"It's been a source of frustration. I think we've had three subpar road trips. There's no other way to say it. It's not something I read too much into. This is a group that's had a lot of success on the road. They've won in hostile environments in the playoffs before, so it's not like they're intimidated by crowds or intimidated by travel. 

"But it's an issue with this particular group in 2019. we've played great here [at Wrigley Field]. We've played poorly on the road. If we want to reach our goals, then we're gonna have to play better on the road. All that said, we've had some really tough road series — starting out like that on the road was difficult. At Houston and at St. Louis was difficult and at Colorado and at LA — those were series that you're happy when that part of the schedule is done. 

"But there's no excuses — we have to play better on the road. I don't have any answers for it. I'd be lying to say that I really do, but I think it will change."

The issue is, it hasn't changed yet for the Cubs. 

That day was the start of a long homestand for the Cubs and the ensuing road trip — three games in Cincinnati, four in Pittsburgh and two on Chicago's South Side — didn't yield any better results for the team. They went 3-6 total, dropping their overall road record to 18-27 this season.

By comparison, the Cubs are a whopping 36-18 at "The Friendly Confines," including 7-2 over the past week-a-half.

They've enjoyed the benefit of home cooking for the last couple weeks, between the All-Star Break and a nine-game homestand to open the second half. But now they head back out on the road, with maybe their toughest task yet. 

The Cubs begin a three-game series in San Francisco Monday night against a Giants team that has been among the hottest in baseball over the last few weeks. Then there are stops in Milwaukee and St. Louis, against the two teams immediately behind the Cubs in the NL Central standings.

This will be a huge test for a Cubs team that hasn't won a series on the road since May 17-19 in Washington D.C.

"I don't feel anything different from the group," manager Joe Maddon said Sunday morning before his team's final home game of the month. "We've been through it before — it's not like it's an intimidation factor or an uncomfortable moment. I'm not getting that. We're just not playing as well. 

"I don't even know how much it's that the other teams have gotten better. I don't even know where this all comes together. But we're playing decently now. ...I want to believe that just playing better here coming out of the break that we have a better chance of starting out better on the road. We need to. To get where we want to be, we have to do that. On this coming trip, three really good foes and we gotta be on our best behavior."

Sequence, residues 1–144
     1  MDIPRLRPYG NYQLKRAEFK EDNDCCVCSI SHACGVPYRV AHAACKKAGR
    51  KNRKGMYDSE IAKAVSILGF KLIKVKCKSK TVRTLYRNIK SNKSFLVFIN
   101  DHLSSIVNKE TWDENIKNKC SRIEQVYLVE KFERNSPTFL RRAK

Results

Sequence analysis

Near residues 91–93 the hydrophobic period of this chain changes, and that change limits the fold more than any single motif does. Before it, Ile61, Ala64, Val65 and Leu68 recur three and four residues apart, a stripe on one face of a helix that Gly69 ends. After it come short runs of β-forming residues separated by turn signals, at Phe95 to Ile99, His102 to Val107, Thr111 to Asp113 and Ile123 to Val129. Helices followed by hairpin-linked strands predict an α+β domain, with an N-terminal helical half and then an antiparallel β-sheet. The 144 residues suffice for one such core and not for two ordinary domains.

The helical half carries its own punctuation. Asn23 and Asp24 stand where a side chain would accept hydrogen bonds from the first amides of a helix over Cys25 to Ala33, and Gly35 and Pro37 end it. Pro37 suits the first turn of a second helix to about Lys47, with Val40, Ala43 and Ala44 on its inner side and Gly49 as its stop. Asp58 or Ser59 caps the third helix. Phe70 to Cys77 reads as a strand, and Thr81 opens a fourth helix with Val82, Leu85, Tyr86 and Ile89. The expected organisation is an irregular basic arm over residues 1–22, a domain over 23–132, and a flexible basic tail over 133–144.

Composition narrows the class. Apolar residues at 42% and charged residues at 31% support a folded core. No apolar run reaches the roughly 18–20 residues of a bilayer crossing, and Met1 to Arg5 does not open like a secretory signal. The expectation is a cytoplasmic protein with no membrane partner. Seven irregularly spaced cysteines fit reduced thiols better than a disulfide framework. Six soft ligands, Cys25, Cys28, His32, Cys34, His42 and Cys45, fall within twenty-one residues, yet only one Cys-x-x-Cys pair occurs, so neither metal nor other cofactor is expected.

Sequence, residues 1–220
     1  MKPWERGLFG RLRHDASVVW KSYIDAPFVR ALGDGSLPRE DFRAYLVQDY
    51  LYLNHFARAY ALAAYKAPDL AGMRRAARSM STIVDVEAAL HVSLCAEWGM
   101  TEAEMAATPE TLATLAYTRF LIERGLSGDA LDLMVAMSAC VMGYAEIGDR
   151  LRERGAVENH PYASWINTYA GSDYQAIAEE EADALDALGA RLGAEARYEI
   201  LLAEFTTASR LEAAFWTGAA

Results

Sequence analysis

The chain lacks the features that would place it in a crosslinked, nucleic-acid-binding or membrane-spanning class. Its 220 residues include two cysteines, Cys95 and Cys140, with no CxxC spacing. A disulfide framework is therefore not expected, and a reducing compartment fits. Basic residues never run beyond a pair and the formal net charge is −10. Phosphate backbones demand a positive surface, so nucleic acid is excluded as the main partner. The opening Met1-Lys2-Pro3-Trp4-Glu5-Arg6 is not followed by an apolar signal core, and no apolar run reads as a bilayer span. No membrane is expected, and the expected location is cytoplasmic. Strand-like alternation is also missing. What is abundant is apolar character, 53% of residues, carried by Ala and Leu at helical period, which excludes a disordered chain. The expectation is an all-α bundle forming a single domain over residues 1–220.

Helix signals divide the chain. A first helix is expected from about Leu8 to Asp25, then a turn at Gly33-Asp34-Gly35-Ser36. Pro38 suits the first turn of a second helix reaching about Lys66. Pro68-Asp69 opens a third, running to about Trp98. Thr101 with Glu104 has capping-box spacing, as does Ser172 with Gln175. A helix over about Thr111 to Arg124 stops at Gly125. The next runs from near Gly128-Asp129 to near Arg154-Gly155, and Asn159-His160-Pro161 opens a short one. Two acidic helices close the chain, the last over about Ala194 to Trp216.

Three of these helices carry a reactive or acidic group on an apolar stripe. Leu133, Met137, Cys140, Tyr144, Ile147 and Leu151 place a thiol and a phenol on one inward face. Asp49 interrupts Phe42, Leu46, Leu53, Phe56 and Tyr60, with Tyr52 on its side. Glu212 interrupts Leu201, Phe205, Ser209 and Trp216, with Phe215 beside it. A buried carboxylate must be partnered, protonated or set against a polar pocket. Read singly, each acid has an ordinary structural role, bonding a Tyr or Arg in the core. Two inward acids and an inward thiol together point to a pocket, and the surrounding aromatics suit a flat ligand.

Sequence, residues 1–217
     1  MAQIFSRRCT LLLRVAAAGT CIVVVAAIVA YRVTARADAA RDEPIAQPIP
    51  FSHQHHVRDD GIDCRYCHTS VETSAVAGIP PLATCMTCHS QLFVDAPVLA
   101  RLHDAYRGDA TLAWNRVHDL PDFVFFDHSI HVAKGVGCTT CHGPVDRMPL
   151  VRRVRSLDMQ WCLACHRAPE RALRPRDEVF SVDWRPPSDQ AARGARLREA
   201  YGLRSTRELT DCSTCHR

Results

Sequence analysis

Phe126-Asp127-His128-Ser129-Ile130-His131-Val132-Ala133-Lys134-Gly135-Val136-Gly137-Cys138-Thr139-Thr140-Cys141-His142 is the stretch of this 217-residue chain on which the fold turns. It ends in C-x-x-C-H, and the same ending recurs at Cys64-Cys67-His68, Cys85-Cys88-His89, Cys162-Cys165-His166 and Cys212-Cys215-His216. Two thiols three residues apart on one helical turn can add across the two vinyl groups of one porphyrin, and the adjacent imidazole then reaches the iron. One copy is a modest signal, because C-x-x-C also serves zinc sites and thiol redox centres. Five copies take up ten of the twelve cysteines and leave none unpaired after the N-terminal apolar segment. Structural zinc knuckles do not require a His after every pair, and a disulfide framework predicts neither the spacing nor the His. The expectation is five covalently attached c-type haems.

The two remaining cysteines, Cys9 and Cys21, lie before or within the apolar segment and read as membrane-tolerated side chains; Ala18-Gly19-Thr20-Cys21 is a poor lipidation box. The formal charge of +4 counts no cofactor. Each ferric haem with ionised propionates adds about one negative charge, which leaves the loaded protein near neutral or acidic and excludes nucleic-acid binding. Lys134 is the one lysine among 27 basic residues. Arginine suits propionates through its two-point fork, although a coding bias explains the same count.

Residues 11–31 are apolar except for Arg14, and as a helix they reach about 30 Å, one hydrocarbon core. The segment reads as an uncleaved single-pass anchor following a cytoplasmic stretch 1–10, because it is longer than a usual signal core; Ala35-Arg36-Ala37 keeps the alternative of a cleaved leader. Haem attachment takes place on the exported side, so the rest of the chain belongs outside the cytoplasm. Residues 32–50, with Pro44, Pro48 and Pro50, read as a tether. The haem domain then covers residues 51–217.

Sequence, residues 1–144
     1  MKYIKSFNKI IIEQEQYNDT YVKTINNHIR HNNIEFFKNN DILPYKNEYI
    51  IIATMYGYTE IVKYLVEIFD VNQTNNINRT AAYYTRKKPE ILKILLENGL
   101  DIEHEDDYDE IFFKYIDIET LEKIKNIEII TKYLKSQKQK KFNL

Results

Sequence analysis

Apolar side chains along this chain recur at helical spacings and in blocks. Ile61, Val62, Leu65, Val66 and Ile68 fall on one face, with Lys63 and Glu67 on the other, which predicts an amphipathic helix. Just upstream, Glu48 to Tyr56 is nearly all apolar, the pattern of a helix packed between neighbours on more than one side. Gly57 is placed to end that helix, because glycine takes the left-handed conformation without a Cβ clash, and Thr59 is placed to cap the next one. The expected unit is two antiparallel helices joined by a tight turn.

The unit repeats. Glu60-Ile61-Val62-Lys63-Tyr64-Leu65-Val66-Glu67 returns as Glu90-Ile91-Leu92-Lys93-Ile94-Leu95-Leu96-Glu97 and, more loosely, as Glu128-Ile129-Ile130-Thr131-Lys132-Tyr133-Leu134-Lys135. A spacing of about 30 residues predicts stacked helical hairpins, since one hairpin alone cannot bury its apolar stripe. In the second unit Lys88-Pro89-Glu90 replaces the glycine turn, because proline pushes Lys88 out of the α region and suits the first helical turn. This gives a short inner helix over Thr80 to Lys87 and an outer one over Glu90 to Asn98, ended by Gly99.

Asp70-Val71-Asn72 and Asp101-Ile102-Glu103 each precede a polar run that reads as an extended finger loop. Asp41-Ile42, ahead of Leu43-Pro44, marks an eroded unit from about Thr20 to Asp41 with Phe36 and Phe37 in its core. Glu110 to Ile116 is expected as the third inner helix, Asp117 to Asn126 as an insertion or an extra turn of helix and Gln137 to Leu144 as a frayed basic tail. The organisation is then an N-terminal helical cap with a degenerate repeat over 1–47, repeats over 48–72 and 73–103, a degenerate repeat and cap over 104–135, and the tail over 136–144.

Like Maddon said, they've done it before, including winning three of the four road games in the 2016 World Series, a wild Game 5 in D.C. in the 2017 NLDS and the list goes on and on.

During the previous four years under Maddon, the Cubs have posted a winning record on the road in each campaign:

2018 - 44-37
2017 - 44-37
2016 - 46-34
2015 - 48-33

In order to keep that streak going, the Cubs would have to go 23-13 on the road the rest of the way.

That's a tall order when there are still two trips each to St. Louis and Milwaukee on the schedule plus stops in Philadelphia, San Diego and a couple dates with the always-pesky Pirates in Pittsburgh.

"Obviously at home, we've won. We gotta start playing that same game on the road. It's as simple as that," Maddon said. "To get where we want to go, we have to become that road team that we've been in the past and there's no reason that we can't."

So what's been the biggest difference between the road Cubs and the home Cubs?

That would be the pitching.

On the road, the Cubs have a 4.97 ERA and allowing opponents to hit .267 with a .798 OPS. At home, those numbers drop significantly to a 3.36 ERA and .233 average and .684 OPS against.

Meanwhile, offensively, the Cubs are actually slightly more prolific on the road than they are at home.

Away from Wrigley, this lineup is scoring 5.27 runs per game while posting a .257 batting average and .798 OPS. At home, they're scoring 4.91 runs per game with a .254 batting average and .785 OPS.

In search of the culprit of the road pitching woes, the blame lies with some of the Cubs' top arms.

Kyle Hendricks has a 1.89 ERA at home and 5.44 mark on the road. Jon Lester sits at 2.95 at Wrigley and 5.09 outside of Chicago. Brandon Kintzler carries an 0.75 ERA at home, but that number jumps to 4.32 on the road. 

Only a few guys — Yu Darvish, Steve Cishek, Pedro Strop — have better marks away from Wrigley than they do at home.

As the Cubs look to flip the script on the road, they'll send Alec Mills, Darvish and Lester to the mound in San Francisco against a Giants offense that ranks sixth in baseball in OPS (.833) in July.

"We came out of the break, we got a good rest and we're playing really good baseball right now on this homestand," Kyle Hendricks said. "So we're just trying to keep that momentum going on the road. Just not think about where we are and embrace it, keep playing the same baseball. It starts with us on the mound, making good pitches. Set the tone on the road, be aggressive the same way we've been doing here and hopefully turn that around."

Up until recently, Maddon didn't even realize his team had so many run prevention issues on the road.

"That's really strange for me," Maddon said. "I would not have guessed that. So apparently we need to be just a little tighter with the pitching side of things and keep what we're doing offensively. I didn't realize there was that much of disparity involved. I didn't break it down any deeper than that.

"...I know San Francisco has been on a nice run, but sounds like we need to pitch better on the road. That's what I got out of it."

Cubs Talk Podcast: Lee Smith Hall of Fame edition

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Cubs Talk Podcast: Lee Smith Hall of Fame edition